Tasters.

Samples from the lit and rendered scenes. The ones that are finished that is. The lighting was a bit of pain but I think I am satisfied with them, it is the kind of look I wanted for the movie. I like the chandelier on the top, it adds a nice ambience to the scene. Gave the bulbs and the bulb shades on the chandelier some nice yellow light and glow but obviously its not enough to light the whole scene. So placed a big yellow spotlight over the chandelier so it appears like the scene is actually lit by it. Added about three directional lights for fill and back lighting. Also added a window light which was emitting a sort of purple/bluish so that the yellow didn't become over powering. I was kind of hoping that this light setup would work for the whole movie but alas! If only it was that simple, lighting wouldn't be a separate profession! Turns out that the same setup that looks perfect from one angle looks completely different from another. So had to change lights and make textures lighter/darker according to shot. Have about 17 shots in the whole movie, individually lighting all of them. Still in the process of course.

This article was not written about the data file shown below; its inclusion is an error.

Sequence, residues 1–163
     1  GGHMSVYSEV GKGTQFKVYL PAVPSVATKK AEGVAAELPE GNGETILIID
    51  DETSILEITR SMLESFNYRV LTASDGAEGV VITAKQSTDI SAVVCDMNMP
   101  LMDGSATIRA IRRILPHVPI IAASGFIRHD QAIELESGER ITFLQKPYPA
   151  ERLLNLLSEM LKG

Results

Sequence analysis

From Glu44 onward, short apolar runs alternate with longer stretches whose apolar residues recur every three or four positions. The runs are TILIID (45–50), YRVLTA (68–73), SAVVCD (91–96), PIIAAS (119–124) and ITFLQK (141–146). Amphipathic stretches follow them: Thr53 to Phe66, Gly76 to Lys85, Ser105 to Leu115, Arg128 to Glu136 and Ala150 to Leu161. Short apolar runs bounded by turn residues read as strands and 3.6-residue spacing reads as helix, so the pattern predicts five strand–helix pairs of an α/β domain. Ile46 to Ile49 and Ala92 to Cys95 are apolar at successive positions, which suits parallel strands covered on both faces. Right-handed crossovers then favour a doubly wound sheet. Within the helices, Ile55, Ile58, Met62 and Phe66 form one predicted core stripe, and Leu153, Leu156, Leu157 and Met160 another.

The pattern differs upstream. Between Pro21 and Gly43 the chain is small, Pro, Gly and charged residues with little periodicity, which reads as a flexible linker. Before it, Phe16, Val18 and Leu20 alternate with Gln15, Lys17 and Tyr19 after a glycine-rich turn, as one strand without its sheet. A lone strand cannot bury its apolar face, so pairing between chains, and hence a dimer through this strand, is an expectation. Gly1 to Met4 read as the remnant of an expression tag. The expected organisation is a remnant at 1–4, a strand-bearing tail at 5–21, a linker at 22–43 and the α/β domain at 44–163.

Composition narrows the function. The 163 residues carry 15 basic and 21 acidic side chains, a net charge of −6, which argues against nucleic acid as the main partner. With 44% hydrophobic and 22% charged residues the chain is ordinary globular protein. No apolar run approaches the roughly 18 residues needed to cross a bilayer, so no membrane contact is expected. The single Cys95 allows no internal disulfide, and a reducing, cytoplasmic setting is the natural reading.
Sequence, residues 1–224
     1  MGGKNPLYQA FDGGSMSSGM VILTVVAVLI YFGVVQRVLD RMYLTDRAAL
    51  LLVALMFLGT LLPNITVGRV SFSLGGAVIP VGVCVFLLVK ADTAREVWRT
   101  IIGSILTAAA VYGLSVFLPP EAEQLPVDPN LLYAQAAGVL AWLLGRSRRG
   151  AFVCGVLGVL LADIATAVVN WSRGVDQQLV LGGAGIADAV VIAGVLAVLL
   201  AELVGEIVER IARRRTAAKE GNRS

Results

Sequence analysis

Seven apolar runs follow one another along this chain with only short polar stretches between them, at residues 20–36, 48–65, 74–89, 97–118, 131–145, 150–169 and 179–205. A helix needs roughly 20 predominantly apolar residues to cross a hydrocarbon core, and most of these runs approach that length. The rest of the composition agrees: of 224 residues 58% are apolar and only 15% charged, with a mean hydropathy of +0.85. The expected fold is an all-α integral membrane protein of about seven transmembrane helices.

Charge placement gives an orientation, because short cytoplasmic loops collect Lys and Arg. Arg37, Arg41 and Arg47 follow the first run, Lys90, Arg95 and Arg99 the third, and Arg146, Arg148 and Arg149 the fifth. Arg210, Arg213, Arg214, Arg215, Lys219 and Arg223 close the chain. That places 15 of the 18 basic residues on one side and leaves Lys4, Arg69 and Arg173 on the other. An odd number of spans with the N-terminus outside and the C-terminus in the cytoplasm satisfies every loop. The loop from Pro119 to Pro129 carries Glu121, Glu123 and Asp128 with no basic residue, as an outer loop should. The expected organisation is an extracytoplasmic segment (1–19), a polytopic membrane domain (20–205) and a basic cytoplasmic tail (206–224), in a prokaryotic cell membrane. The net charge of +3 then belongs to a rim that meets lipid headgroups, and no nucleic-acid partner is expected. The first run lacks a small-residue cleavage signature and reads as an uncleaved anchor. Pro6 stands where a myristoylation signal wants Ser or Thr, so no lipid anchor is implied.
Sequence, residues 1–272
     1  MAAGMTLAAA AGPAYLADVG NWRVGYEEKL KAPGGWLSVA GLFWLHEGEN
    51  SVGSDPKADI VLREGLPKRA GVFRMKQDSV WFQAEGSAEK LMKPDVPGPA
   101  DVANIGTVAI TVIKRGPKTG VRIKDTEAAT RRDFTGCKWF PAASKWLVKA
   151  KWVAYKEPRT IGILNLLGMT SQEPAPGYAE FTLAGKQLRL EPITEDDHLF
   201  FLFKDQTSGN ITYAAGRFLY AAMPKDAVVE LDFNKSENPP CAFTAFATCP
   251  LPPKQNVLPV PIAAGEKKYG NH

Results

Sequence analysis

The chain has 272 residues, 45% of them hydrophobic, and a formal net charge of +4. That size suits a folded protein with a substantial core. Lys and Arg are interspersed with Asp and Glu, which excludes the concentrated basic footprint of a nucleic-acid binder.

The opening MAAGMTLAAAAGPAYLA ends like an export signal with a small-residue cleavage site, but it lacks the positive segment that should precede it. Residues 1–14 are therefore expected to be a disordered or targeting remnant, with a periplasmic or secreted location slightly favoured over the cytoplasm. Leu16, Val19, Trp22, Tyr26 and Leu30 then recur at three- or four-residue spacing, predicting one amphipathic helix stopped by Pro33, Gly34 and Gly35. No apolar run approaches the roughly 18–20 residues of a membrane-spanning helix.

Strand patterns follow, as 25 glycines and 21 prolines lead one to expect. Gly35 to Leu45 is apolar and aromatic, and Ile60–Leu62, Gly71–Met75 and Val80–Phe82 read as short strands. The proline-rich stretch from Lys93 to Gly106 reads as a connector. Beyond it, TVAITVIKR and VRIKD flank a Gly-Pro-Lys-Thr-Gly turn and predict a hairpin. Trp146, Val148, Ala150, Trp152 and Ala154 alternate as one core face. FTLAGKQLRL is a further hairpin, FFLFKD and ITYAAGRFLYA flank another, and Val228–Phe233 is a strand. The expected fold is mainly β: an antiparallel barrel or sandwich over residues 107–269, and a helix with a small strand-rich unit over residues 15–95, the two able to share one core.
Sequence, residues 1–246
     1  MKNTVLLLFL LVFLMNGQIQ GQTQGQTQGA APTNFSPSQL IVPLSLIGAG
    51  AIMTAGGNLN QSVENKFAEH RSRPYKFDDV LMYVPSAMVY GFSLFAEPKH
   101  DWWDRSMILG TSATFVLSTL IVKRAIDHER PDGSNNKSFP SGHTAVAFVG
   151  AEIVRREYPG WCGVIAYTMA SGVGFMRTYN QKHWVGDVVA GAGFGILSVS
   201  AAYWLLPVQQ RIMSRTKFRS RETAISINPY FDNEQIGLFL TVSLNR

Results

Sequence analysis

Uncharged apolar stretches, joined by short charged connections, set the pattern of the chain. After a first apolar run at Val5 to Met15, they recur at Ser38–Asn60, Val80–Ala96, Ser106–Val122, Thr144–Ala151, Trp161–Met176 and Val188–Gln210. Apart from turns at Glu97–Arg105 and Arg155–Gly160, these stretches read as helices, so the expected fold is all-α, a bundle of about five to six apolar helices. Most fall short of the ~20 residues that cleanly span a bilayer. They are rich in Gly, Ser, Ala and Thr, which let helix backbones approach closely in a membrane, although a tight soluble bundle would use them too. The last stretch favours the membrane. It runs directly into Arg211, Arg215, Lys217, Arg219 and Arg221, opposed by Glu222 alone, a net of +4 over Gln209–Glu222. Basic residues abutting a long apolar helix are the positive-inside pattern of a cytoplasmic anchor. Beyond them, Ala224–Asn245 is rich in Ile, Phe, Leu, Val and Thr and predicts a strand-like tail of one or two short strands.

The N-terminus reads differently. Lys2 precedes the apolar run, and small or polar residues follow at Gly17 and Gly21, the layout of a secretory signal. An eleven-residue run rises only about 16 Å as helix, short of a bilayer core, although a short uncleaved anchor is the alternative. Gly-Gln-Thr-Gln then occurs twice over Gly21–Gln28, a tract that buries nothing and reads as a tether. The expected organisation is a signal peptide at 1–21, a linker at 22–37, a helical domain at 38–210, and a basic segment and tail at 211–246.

Rendering is taking a lot of time. My movie, about 90 seconds long, has about 2300 frames to render. Thankfully, I have a friend whose laptop I can use to render while I work. Big relief.

In this close up shot, I've used one spotlight over the picture emitting yellow light, as I didn't want a lot of focus on anything else, and one blue/mauve directional light to balance out the yellow.

The morning shot was quite tough I think because it was hard to get an exact feel of daylight through a window and at the same time maintaining balance between contrasts so certain areas don't become darker than others. Tried using Maya's environmental lighting but that made the rendering quite slow and heavy. One frame at 3 minutes. No way I would finish stuff by deadline at that speed! So settled for something less detailed. Maybe I will re-render the last shot after assessments.